From the south, follow Hwy 41 north and turn right on Farragut, just before  the intersection of 79th/South Shore.
Once in the park, go past the stop sign and water filtration plant and turn right at the next opportunity. Go to the southeast end of this lot and park. Meet at the entrance to the Nature Area, the which is located at the southern end of the beach (look for the banner!).

 

September 27: Community Stewardship Workday

25 Sep

Come out to Rainbow Beach Dunes this Saturday to see the gorgeous and vibrant grasses changing color, work more on prickly pear monitoring, and collect seeds from some of our favorite native plants!

Join us this Saturday September 27 from 10am-12pm.

Please remember to prepare for the weather and terrain: there is no shade in the hilly, uneven dunes area so wear sturdy shoes and bring a hat, sunscreen, and water. Tools, training, and snacks will be provided. Contact Alison Anastasio at alison.anastasio@gmail.com for questions and to RSVP.

Rainbow Beach Park runs parallel to South Shore Drive from 75th-79th Streets. By foot, walk east from South Shore Dr. on 77th St. By car, you can only access the park at the southern end.
From the north/west, follow Hwy 41 east as it splits from South Shore Drive at 79th St. Turn left into the park at Farragut.
From the south, follow Hwy 41 north and turn right on Farragut, just before  the intersection of 79th/South Shore.
Once in the park, go past the stop sign and water filtration plant and turn right at the next opportunity. Go to the southeast end of this lot and park. Meet at the entrance to the Nature Area, the which is located at the southern end of the beach (look for the banner!).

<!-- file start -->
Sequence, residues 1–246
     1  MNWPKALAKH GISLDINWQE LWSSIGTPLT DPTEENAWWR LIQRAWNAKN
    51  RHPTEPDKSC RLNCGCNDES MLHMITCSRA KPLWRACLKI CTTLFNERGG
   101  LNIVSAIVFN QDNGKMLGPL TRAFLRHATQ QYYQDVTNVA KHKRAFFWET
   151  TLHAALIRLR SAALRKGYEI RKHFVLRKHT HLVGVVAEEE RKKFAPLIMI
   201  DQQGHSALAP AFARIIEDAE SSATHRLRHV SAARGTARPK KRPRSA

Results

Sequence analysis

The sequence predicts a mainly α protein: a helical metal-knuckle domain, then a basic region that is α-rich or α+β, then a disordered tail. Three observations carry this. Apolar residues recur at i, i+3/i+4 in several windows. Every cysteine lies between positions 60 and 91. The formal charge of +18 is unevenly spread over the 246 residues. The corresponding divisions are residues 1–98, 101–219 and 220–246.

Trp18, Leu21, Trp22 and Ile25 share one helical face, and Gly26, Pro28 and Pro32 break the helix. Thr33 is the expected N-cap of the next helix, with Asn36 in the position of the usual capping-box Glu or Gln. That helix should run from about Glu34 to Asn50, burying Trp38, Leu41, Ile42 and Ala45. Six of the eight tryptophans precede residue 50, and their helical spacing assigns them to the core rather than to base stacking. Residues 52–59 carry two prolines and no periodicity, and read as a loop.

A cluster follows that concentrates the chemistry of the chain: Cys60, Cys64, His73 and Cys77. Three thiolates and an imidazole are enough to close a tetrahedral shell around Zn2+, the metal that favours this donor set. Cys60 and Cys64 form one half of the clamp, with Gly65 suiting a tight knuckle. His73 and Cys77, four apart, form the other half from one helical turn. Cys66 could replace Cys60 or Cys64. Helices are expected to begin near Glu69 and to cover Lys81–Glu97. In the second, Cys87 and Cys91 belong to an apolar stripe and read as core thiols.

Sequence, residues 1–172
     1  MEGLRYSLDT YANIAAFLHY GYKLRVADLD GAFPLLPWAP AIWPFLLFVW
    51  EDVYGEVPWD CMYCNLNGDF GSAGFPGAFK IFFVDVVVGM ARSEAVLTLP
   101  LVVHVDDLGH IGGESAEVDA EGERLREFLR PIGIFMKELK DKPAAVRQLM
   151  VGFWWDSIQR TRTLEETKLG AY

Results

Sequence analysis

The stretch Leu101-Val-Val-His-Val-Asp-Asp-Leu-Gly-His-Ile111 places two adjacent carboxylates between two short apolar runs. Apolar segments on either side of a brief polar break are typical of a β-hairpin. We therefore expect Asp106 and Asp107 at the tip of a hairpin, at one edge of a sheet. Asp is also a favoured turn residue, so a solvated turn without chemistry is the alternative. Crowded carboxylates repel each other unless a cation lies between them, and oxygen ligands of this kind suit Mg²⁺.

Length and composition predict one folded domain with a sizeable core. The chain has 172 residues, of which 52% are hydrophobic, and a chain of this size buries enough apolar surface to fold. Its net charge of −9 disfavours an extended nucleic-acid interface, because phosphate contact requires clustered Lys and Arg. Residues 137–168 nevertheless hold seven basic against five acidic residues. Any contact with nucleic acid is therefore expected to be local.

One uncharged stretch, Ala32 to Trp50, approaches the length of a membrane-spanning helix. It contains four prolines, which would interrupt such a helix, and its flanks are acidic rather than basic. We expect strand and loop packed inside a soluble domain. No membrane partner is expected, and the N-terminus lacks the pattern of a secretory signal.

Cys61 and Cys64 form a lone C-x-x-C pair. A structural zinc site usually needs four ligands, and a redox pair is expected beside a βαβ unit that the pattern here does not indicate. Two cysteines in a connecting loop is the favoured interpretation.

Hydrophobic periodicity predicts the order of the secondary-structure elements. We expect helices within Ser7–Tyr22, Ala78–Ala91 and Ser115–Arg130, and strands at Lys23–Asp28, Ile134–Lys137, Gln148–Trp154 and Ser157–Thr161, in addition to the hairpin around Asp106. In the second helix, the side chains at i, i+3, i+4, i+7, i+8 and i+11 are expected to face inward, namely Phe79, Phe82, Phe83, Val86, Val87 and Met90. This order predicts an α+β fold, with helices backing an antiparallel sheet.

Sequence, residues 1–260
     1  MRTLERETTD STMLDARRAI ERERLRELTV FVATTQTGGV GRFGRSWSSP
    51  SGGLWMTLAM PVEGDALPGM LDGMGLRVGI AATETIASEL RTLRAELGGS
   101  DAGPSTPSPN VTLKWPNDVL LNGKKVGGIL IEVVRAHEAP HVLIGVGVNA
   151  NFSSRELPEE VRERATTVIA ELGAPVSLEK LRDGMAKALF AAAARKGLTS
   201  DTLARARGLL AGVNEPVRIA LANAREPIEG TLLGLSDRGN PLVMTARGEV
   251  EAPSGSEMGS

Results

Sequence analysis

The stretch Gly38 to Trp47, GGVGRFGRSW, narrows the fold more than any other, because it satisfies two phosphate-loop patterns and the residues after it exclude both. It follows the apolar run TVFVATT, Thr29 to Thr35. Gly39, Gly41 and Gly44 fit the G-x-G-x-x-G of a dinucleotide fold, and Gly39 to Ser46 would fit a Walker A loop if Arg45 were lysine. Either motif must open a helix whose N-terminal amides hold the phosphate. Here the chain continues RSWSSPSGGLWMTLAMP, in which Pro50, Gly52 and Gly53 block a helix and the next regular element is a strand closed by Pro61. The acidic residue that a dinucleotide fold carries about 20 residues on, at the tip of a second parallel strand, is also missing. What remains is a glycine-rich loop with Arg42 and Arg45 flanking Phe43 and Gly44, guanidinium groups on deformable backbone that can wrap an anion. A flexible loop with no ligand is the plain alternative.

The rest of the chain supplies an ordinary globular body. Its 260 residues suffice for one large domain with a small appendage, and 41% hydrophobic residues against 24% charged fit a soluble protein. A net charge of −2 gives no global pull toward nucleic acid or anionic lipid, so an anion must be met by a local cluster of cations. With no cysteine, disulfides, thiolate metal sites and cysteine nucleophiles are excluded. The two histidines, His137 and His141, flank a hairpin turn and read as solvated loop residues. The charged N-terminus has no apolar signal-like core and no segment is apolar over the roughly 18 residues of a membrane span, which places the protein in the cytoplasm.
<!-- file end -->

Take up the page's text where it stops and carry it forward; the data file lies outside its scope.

*Mark your calendar*
Saturday October 25 – Last workday of the season

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August 23: Community Stewardship Workday

20 Aug

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Come out to Rainbow Beach Dunes this Saturday to kick off a new monitoring project! Everyone loves the native prickly pear cactus (Opuntia humifusa) and we have a very healthy and vigorous population at RBD. By monitoring individuals over time, we’ll have evidence of how the population changes in size and in timing of important life events (making new leaves, flowering, making fruits, etc.). Our goal for this workday will be to mark (with a small flag) each of the individuals in the nature area.

Join us this Saturday August 23 from 10am-12pm.

Please remember to prepare for the weather and terrain: there is no shade in the hilly, uneven dunes area so wear sturdy shoes and bring a hat, sunscreen, and water. Tools, training, and snacks will be provided. Contact Alison Anastasio at alison.anastasio@gmail.com for questions and to RSVP.

Rainbow Beach Park runs parallel to South Shore Drive from 75th-79th Streets. By foot, walk east from South Shore Dr. on 77th St. By car, you can only access the park at the southern end.
From the north/west, follow Hwy 41 east as it splits from South Shore Drive at 79th St. Turn left into the park at Farragut.
From the south, follow Hwy 41 north and turn right on Farragut, just before  the intersection of 79th/South Shore.
Once in the park, go past the stop sign and water filtration plant and turn right at the next opportunity. Go to the southeast end of this lot and park. Meet at the entrance to the Nature Area, the which is located at the southern end of the beach (look for the banner!).

*Mark your calendar*
Saturday September 27 – Community Stewardship Workday at RBD
Saturday October 25 – Community Stewardship Workday at RBD
Date TBD — Bird walk